US 4740028 A
Sunvisors provided with vanity mirrors usually have the mirror, with or without illumination, fixed to the upper surface of the visor when in the stowed position, and to avoid undesirable reflections a cover is sometimes provided. Also, various switches are provided to control energization of the lighting means when present. The invention simplifies this kind of visor by arranging that the mirror is carried by a hinge (7b) near the lower margins of the visor to open out therefrom downwardly from a stowed position facing into a recess (11) in the upper surface of the visor. The lower edge of the visor may be relieved as at (12) to maximize the hingeing angle of the mirror so as to achieve compactness while satisfying visor safety requirements. The wire frame (7) of the visor may be joggled inwards at (7a) and (8a) to provide hinge pins and electrical connections (7b) and (8b) for the visor.
1. A sun visor for a vehicle comprising an elongated body with hinging means along a first of its long edges to swing between an at least approximately horizontal stowed position and an approximately maximum-use position and, a vanity mirror being arranged in a housing hinged near the second of the long edges with its hinge line approximately parallel thereto to swing between a stowed position against a surface of the visor recessed below the general surface level of the visor, with the reflecting surface towards the visor and a user position in which it is swung outwardly from the stowed position; wherein a wire frame of the visor is joggled inwards along the second long edge to provide one of the elements of the hinge for the mirror housing.
2. A sun visor for a vehicle comprising an elongated body with a wire frame, having hinging means along a first of its long edges to swing between an at least approximately horizontal stowed position and an approximately maximum-use position and, a vanity mirror being arranged in a housing hinged near the second of the long edges with its hinge line approximately parallel thereto to swing between a stowed position against a surface of the visor recessed below the general surface level of the visor, with the reflecting surface towards the visor and a user position in which it is swung outwardly from the stowed position, wherein the wire frame is discontinuous so as to present two wire ends which form both the hinge pins for the mirror housing and serve as electrical conductors for the power supply of a lamp within said housing.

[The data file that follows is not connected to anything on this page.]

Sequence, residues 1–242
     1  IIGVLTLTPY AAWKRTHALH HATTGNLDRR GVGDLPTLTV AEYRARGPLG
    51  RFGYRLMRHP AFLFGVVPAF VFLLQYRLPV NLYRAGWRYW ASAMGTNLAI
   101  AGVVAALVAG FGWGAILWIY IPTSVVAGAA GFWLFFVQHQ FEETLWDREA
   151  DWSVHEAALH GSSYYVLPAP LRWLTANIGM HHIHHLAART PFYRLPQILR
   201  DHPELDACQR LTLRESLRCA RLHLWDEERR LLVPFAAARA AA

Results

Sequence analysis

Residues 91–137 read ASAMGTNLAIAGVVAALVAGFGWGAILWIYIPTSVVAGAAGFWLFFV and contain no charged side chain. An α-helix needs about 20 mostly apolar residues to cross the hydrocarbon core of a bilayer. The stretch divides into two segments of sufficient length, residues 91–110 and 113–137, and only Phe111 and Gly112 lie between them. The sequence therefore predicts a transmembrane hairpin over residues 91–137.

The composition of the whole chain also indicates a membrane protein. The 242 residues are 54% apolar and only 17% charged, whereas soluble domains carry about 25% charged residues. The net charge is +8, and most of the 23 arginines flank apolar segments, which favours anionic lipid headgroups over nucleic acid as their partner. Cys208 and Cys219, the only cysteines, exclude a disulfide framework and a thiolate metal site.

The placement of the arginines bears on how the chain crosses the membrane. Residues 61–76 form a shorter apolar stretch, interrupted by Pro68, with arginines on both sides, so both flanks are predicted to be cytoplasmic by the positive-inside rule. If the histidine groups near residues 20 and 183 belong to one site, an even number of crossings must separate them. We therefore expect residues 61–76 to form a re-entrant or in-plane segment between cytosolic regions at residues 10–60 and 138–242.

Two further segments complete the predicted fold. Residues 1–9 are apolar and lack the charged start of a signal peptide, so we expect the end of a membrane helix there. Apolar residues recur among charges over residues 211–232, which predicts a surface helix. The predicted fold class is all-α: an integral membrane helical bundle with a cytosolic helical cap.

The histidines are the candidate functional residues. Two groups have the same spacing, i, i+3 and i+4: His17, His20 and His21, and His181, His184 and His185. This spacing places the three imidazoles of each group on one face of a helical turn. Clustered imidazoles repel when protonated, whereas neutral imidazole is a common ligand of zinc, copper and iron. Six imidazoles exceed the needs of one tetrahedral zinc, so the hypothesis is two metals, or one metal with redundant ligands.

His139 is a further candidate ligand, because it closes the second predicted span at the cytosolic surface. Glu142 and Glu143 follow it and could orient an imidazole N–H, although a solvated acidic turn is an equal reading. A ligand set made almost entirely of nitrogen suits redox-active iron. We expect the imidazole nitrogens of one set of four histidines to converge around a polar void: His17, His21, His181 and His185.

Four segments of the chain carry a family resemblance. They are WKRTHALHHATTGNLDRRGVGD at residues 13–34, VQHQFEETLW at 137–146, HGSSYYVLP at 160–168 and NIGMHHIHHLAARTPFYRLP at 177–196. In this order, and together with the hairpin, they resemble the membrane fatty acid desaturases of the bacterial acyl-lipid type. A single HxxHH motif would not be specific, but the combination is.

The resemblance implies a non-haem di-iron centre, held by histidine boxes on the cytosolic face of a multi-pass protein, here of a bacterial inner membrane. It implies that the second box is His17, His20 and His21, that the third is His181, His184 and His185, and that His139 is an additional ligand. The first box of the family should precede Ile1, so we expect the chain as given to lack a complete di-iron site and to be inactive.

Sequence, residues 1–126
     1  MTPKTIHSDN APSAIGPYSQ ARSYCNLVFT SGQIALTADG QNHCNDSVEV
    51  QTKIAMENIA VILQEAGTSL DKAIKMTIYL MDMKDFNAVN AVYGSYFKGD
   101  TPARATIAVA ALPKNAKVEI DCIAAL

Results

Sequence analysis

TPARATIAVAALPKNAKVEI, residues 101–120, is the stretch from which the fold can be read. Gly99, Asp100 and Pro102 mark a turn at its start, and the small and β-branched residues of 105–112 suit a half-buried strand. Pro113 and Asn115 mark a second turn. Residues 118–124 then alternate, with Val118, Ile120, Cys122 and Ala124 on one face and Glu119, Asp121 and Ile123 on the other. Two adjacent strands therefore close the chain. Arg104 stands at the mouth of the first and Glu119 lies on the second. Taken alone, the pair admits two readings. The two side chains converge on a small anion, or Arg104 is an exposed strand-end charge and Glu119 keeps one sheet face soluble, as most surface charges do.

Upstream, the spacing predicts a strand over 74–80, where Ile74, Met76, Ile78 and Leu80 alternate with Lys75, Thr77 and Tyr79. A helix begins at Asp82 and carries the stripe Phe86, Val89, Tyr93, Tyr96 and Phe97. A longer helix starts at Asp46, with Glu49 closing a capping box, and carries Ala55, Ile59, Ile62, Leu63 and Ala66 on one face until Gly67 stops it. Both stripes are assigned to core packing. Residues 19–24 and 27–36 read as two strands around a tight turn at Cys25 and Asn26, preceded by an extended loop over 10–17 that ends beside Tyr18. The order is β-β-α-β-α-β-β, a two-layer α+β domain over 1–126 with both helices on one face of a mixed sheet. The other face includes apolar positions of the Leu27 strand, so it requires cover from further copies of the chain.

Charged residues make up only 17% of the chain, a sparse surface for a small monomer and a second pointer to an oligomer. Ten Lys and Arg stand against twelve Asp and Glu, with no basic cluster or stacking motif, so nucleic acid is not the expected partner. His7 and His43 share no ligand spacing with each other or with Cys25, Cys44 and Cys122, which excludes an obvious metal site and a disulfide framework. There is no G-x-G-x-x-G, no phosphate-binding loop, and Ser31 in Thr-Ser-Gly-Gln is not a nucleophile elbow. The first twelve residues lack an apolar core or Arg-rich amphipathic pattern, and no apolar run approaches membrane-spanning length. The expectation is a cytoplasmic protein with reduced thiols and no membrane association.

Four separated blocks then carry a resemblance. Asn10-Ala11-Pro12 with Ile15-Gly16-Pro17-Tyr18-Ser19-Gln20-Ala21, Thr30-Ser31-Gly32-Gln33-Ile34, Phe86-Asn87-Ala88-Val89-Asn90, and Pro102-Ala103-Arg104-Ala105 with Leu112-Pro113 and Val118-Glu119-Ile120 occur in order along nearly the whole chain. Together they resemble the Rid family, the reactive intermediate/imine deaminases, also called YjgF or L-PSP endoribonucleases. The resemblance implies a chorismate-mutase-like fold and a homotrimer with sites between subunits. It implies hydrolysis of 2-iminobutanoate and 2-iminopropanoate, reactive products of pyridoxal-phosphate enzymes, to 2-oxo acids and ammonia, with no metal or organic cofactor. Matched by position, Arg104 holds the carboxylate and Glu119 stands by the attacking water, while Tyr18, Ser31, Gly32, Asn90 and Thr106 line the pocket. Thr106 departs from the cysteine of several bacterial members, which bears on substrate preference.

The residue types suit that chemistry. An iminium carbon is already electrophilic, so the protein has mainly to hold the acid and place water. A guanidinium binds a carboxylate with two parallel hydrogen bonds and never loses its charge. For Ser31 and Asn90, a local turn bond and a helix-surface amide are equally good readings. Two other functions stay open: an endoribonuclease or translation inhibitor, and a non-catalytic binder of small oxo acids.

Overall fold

3. A visor according to claim 1, wherein the joggled portion of the frame is discontinuous so as to present two wire ends which form both the hinge pins for the mirror housing and serve as electrical conductors for the power supply of a lamp within said housing.
4. A visor according to claim 2, wherein the wire forming the hinge pin has a relieved portion where a conductor biassed towards it is held out of contact by an insulating member when the mirror is in the stowed position but makes contact when the mirror housing is swung through an angle to move it into the user position.
5. A visor according to claim 3, wherein the wire forming the hinge pin has a relieved portion where a conductor biassed towards it is held out of contact by an insulating member when the mirror is in the stowed position but makes contact when the mirror housing is swung through an angle to move it into the user position.